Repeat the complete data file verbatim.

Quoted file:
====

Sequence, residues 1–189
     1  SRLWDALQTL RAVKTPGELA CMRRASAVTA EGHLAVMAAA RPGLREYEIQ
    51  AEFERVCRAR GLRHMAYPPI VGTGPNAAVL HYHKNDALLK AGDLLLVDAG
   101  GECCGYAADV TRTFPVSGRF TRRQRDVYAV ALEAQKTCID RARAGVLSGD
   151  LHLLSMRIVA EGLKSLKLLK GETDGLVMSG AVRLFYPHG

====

Sequence, residues 1–189
     1  SRLWDALQTL RAVKTPGELA CMRRASAVTA EGHLAVMAAA RPGLREYEIQ
    51  AEFERVCRAR GLRHMAYPPI VGTGPNAAVL HYHKNDALLK AGDLLLVDAG
   101  GECCGYAADV TRTFPVSGRF TRRQRDVYAV ALEAQKTCID RARAGVLSGD
   151  LHLLSMRIVA EGLKSLKLLK GETDGLVMSG AVRLFYPHG